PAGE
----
The term DevOps is a combination of two terms: development (Dev) and operations (Ops). This term was created as way of combining software engineering, operations culture, and practices to unify software development and software operations. The primary goal of DevOps is to strongly integrate automation and monitoring at all steps of the software development life cycle (SDLC), from integration, testing, releasing, to deployment and infrastructure management. DevOps aims to shorten development cycles, increase deployment frequency, and add quality with dependable releases, all in close alignment with business objectives.
The need for DevOps grew out of the increasing success of Agile software development, which led to organizations needing to release applications more rapidly and at higher velocity. As companies sought to overcome the constraints put on their release management processes, it become apparent there was a need to adopt processes that could support application release automation, continuous integration (CI) tools, and continuous delivery (CD).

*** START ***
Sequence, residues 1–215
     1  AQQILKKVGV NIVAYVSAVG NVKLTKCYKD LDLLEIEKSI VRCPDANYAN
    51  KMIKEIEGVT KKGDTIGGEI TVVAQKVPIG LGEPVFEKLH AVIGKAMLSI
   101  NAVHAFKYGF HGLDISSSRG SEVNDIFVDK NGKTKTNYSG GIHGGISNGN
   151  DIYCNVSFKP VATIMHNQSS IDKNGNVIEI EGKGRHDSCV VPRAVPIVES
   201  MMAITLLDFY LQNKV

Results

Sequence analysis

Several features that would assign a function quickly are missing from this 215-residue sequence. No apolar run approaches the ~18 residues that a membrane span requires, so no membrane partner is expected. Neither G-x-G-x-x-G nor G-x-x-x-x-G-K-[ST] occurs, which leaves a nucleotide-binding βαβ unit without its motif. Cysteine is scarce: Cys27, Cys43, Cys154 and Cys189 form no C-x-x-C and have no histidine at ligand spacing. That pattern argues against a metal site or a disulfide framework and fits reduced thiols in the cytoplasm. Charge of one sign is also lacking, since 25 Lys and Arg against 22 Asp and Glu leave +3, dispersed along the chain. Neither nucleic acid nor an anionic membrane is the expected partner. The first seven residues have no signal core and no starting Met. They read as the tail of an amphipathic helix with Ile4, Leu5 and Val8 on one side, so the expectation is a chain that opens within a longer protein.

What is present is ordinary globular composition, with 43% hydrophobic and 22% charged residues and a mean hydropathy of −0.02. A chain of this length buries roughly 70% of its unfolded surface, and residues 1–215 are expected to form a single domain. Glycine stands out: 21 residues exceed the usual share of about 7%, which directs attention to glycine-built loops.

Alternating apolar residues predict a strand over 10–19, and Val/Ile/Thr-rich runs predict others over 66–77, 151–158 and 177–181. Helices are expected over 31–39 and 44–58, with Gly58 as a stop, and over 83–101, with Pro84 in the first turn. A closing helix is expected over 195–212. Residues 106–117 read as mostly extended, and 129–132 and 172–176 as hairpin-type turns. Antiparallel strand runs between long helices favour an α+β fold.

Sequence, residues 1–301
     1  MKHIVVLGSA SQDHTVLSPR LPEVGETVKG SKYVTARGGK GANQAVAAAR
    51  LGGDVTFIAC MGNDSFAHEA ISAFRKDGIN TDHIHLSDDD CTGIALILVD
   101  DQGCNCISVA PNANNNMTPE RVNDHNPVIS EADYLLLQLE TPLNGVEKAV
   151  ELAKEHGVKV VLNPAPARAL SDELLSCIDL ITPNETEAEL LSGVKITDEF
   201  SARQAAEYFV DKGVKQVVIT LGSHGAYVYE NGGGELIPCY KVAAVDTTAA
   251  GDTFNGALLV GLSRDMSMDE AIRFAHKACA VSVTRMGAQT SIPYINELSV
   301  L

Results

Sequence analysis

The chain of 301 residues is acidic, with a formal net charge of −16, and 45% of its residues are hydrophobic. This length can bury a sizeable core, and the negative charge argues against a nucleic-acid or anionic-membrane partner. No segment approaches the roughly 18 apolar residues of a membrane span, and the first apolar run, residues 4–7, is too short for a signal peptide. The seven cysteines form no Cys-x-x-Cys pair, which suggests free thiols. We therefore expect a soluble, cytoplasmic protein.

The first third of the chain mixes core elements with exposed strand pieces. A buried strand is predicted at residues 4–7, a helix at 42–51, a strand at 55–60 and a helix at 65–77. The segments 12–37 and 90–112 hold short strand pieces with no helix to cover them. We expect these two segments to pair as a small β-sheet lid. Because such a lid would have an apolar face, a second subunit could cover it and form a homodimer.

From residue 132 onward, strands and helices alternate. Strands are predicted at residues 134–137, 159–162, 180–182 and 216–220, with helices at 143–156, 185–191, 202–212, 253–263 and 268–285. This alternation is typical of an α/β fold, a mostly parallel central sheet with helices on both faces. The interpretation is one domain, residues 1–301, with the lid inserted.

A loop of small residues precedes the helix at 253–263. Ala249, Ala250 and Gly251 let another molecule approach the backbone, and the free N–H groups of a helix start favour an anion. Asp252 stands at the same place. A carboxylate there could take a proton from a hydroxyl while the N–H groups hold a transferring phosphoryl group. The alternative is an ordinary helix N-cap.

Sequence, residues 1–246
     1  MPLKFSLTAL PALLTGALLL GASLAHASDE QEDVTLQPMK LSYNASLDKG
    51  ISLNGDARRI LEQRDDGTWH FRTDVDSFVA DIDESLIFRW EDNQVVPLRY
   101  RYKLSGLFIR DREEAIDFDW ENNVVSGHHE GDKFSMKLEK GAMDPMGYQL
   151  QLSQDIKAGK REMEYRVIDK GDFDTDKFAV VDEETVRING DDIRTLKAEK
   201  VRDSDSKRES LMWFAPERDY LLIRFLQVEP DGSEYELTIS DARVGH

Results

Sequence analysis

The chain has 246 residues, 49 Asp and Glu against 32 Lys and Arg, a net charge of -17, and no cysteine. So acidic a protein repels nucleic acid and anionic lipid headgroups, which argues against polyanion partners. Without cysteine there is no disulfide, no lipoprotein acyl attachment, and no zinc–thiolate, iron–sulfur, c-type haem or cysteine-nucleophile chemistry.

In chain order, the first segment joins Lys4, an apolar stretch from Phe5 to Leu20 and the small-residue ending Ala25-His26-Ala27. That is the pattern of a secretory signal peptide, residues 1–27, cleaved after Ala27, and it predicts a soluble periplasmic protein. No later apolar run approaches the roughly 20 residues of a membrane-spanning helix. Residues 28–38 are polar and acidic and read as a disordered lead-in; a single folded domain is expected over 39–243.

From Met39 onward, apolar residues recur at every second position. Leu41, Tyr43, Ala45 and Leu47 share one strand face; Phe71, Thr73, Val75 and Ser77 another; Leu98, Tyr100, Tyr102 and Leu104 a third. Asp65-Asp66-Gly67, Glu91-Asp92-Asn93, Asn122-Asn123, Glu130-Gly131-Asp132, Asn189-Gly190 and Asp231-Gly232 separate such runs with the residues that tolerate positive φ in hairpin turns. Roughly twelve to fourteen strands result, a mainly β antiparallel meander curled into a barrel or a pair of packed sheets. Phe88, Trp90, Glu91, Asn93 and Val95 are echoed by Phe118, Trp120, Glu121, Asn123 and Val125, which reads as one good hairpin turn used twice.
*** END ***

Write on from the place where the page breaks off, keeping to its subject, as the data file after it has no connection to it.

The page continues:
As a result of this increasing need, leaders within the software development space created the DevOps framework with the intention of being a cross-functional approach that includes all key stakeholders within IT organizations and the business. Reflective of key aspects of the development and delivery process, DevOps tools are expected to fit into one or more of the following categories:
As organizations continue to mature in the Agile development world, they will find an increased need for DevOps to sustain their pace.